In our study of Ecclesiastes chapter nine, we look at an earthly life lived without hope for eternity. They say that the most dangerous man is one that has no hope and we will see how that is true.
So I reflected on all this and concluded that the righteous and the wise and what they do are in God's hands, but no man knows whether love or hate awaits him.
Solomon refers to chapter eight and the fact that he found out that wisdom has its limits when it comes to men. His conclusion is that, apart from God, no man knows what awaits him when he dies.
All share a common destiny - the righteous and the wicked, the good and the bad, the clean and the unclean, those who offer sacrifices and those who do not. As it is with the good man, so with the sinner; as it is with those who take oaths, so with those who are afraid to take them. This is the evil in everything that happens under the sun: The same destiny overtakes all. The hearts of men, moreover, are full of evil and there is madness in their hearts while they live, and afterward they join the dead.
There are many who believe that this world (the "here and now") is all that there is and that we all just die and decay away. This describes a life without consequences for our actions and so can lead to all kinds of evil things in this world. This is a lie from Satan and his desire is for people to believe this and be condemned to the judgment of Hell.
Anyone who is among the living has hope - even a live dog is better off than a dead lion! For the living know that they will die, but the dead know nothing; they have no further reward, and even the memory of them is forgotten. Their love, their hate, and their jealousy have long since vanished; never again will they have a part in anything that happens under the sun.
Those who believe that this earthly existence is all there is will hold onto it at all costs. The "hope" that Solomon speaks of here is the false hope that the devil peddles and not the hope that we have in Christ. We must remember that Solomon is describing life for those who are apart from God.
Go, eat your food with gladness, and drink your wine with a joyful heart, for it is now that God favors what you do. Always be clothed in white, and always anoint your head with oil. Enjoy life with your wife, whom you love, all the days of this meaningless life that God has given you under the sun - all your meaningless days. For this is your lot in life and in your toilsome labor under the sun. Whatever your hand finds to do, do it with all your might, for in the grave, where you are going, there is neither working nor planning nor knowledge nor wisdom.
This passage speaks of the rich and the fact that they can enjoy the things of this life but, at the end of their days, they still go to the grave. If you believe that this world is all that there is, then, you will work at it to get the most out of it. There are those who spend their entire life trying to get more so that they can stay ahead of others and be considered "successful".
I have seen something else under the sun: The race is not to the swift or the battle to the strong, nor does food come to the wise or wealth to the brilliant or favor to the learned; but time and chance happen to them all.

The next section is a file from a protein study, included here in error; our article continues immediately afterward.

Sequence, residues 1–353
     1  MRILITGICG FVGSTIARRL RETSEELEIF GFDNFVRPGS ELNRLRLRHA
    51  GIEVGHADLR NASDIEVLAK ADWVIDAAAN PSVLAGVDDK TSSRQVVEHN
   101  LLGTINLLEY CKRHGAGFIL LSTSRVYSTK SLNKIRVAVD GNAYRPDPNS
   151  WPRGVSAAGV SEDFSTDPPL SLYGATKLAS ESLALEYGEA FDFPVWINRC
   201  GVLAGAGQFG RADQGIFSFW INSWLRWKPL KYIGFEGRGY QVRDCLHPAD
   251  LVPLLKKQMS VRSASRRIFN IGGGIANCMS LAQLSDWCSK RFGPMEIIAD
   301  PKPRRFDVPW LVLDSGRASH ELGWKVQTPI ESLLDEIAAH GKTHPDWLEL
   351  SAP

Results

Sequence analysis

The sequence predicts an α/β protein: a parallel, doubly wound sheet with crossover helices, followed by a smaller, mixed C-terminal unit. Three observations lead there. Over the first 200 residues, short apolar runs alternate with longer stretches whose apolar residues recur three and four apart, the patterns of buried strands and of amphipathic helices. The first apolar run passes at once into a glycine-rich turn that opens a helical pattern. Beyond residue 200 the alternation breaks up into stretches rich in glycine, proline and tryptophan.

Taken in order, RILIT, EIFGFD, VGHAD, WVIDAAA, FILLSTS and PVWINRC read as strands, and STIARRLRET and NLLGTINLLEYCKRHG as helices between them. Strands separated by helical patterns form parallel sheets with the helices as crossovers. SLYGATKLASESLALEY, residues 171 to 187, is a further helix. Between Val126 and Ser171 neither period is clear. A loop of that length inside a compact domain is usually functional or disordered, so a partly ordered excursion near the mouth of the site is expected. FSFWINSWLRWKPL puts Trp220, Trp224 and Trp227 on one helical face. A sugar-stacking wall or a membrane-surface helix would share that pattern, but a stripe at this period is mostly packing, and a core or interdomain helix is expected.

Next, Solomon tells us of those who put their hope in luck or chance. In our world today it seems like everywhere you look there is a lottery or gambling and people with the "hope" of striking it rich. Many times they do win but it is only temporary as they tend to spend it foolishly and it goes quickly.
Moreover, no man knows when his hour will come: As fish are caught in a cruel net, or birds are taken in a snare, so men are trapped by evil times that fall unexpectedly upon them.
When you start thinking that life is just like a giant game of chance, then, you get to the point of living like today is your last day. That may sound good and it actually could be if you served Christ like He was coming back today. But, that is not what Solomon is speaking about. He is talking about people without Christ living it up like there is no tomorrow and no eternity to answer for our actions.
I also saw under the sun this example of wisdom that greatly impressed me: There was once a small city with only a few people in it. And a powerful king came against it, surrounded it and built huge siegeworks against it. Now there lived in that city a man poor but wise, and he saved the city by his wisdom. But nobody remembered that poor man. So I said, 'Wisdom is better than strength.' But the poor man's wisdom is despised, and his words are no longer heeded.
Solomon tells a parable that compares wisdom and strength. In this we see a picture of the remnant of God's people and the role of a prophet. Many times the prophet was ignored or down-right despised as he shared a message from God. Most of the time, God used poor men to deliver the message that had the power to save the people.
The quiet words of the wise are more to be heeded than the shouts of a ruler of fools. Wisdom is better than weapons of war, but one sinner destroys much good.
Have you ever noticed that fools are usually the loudest and proudest of speakers? They will speak as though volume and quantity of words make up for their lack of wisdom. A wise man or woman will build up others while a fool/sinner will destroy.